The other night I saw Anthony Lawton do his one-man adaptation of The Great Divorce at the Lantern Theater in Philadelphia. It's my third time, and if he is still up for it next year, I'll go again. In high school they told us Shakespeare should be seen and not read. Lawton makes me feel that way about C.S. Lewis.
In the "meet the actor" session after the play, one woman in the audience shared her delight that the lizard scene was "sooooo Buddhist." (You may recall the vignette in which a visitor from hell is plagued by a lizard on his shoulder that represents his oppressive lust.) She tried to get Lawton to say that Lewis was deeply influenced by Buddhism, and that all religions are the same "au fond"-but he wouldn't go that far, although it does not seem he is any more than a lapsed Catholic in his own personal life.
In many a college literature class, the woman contributor's comment would be lauded as profound. After all, look at the comparisons: Both Christianity and Buddhism talk about lust, and about a life permeated by suffering because of desire, and about a quest to get free of that bondage. Case closed, right?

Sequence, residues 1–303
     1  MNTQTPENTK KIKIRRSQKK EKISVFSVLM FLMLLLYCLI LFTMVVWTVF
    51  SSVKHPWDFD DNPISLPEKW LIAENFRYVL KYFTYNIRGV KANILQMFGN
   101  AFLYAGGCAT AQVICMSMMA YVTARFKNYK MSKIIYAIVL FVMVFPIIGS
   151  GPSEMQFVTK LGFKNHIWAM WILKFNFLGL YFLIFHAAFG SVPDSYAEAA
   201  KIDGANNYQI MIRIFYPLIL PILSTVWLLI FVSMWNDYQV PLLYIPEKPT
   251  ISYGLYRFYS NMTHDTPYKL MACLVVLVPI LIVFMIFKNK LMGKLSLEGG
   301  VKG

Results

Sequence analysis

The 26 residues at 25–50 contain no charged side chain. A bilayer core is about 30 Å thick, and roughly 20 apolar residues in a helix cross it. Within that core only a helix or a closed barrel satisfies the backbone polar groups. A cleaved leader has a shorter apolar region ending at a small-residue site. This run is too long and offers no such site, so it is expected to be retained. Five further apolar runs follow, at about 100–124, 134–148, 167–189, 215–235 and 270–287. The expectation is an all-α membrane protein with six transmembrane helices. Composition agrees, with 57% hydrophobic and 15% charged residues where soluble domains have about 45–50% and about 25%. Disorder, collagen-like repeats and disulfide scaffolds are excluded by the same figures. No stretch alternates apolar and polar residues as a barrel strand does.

If Lawton had not been caught off guard, I wish he would have responded something like this:
"Buddhism and Christianity are similar only as a cow is similar to a man-both creatures have two eyes for seeing, and a mouth for chewing, and for the obvious reason that both are bound by the physical constraints of the planet. It is only natural that every religion will have superficial similarities and will deal with these matters; they are unavoidable. But the lizard story is a dead ringer for biblical Christianity and its provision for deliverance and transformation. To try to make The Great Divorce Buddhist is like Cinderella's ugly sister Druzella trying to cram her size 10 foot into a size 5 glass slipper."
Interestingly, the white middle class Buddhist woman admitted to departing from Buddhism in one respect-she believes in a heaven and hell. Which is to say, her religious beliefs were, besides all else, à la carte.